More than four years after the United Kingdom voted to leave the European Union, the final details of the agreement are still being ironed out. Previously, British travelers hardly had to think twice about crossing into the Continent, but Brexit and now the pandemic have created much uncertainty around travel.
When the UK leaves the EU it will be subject to travel restrictions outside the bloc due to rules aimed at combatting COVID-19. This has led to widespread media reports that the EU will "ban travel" from the UK to the EU from January 1. According to the Association of British Travel Agents (ABTA) "this overstates things somewhat, as EU-wide guidance on travel and coronavirus is just that — a recommendation." Mark Tanzer, Chief Executive of ABTA said: "individual EU countries are still able to implement their own measures, considering options such as travel corridors and testing, and it will still be some weeks before we know the full position."
If the UK bows out of the EU by December 31 without a deal, the European Commission has revealed contingency measures which would allow a reciprocal UK-EU air travel to continue for six months. So it seems, for now, that a blanket travel ban is unlikely. But with the pandemic still raging through Europe and the UK, travel restrictions will be kept under review. A UK government spokesperson told the Press Association "we take a scientific, risk-based approach to health measures at the border, and it is of course in the interests of all countries to allow safe international travel as we emerge from the pandemic."
There are some guidelines already in place that will give British travelers an idea on what they can expect when visiting Europe after Brexit if the infection rate drops significantly and non-essential travel bans are lifted. The new rules apply to British visitors to the EU as well as Switzerland, Norway, Iceland and Liechtenstein, but not all requirements are necessary for travel to Ireland. The UK government has said that there could be additional changes announced between now and January, but here are the main points of its guidance as it currently stands. British visitors who do not meet these requirements could be refused entry.
Passports must be valid for at least six months
From January, British travelers must have at least six months of validity left on their passports when visiting Europe. Passports with less than six months must be renewed before travel. This requirement is waived for Ireland, where passports instead must be valid for the duration of your visit.
Passports must have been issued within the last 10 years
British passports issued more than a decade ago must be renewed before traveling to Europe, even if they have more than six months before they expire. Because of delays caused by the coronavirus pandemic and a looming Brexit deadline, passport renewals are taking longer than usual.
Get travel insurance that covers healthcare
Previously, Brits could obtain free European Health Insurance Cards (EHIC) online, which gave them the right to state healthcare free of charge or at a reduced cost in Europe. These cards will expire at the end of 2020, regardless of the expiration date printed on the card. EHIC covered visitors with pre-existing conditions, but third-party travel insurers often do not.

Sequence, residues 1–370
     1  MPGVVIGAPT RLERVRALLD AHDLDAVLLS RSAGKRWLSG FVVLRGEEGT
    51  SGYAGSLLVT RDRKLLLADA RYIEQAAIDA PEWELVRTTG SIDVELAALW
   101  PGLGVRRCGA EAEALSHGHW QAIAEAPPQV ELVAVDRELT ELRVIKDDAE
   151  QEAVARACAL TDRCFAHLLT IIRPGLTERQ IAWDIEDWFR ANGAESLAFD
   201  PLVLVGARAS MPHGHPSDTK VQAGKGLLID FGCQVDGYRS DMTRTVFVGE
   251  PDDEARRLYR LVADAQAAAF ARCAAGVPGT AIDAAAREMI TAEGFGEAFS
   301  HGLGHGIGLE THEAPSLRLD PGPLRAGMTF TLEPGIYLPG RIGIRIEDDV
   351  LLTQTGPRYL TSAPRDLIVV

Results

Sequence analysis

Pets can travel within the EU's borders but owners must apply for an Animal Health Card
The existing pet passport scheme allowed relatively seamless travel, but starting in 2021 a pet traveling to the EU will need an Animal Health Card (AHC) instead. The AHC will be issued by an accredited vet and is valid for 10 days after the date of issue for entry into the EU. It will cover a pet for a single trip entry to the EU, onward travel within the EU for four months, and re-entry to the UK for four months after the date of issue. To apply for an AHC, pet owners must have proof of their pet’s microchipping date, pet’s vaccination history and a successful rabies antibody blood test result.
Business travelers will need visas, but tourists might also need to show more paperwork
British visitors to Europe are permitted to stay as tourists for 90 days in a six-month period, but travelers for business, permanent work or study will need visas, the requirements of which are set by each country. Even temporary tourists could be subject to more red tape, as visitors could be asked to show a return ticket and proof of funds to cover the length of your stay. Travelers with UK passports will no longer be able to use the EU passport gates or customs lanes.
Still TBD: driving, mobile phone roaming and more
As 2021 inches closer, a number of travel-specific details have not been fully resolved. Currently, there’s no charge for mobile phone roaming between the UK and Europe. Network operators such as Vodafone, O2 and Three have indicated that they will continue to offer the service but without confirming terms and conditions. The government says it will cap roaming charges at £45, but you can still be charged beyond that. Drivers might need an international driving permit for some countries (this can be obtained through the Post Office for £5.50), and if you’re driving your own car, you could need a ‘green card’ that acts as proof of insurance.
This article was first published on July 28 and updated on December 15, 2020.
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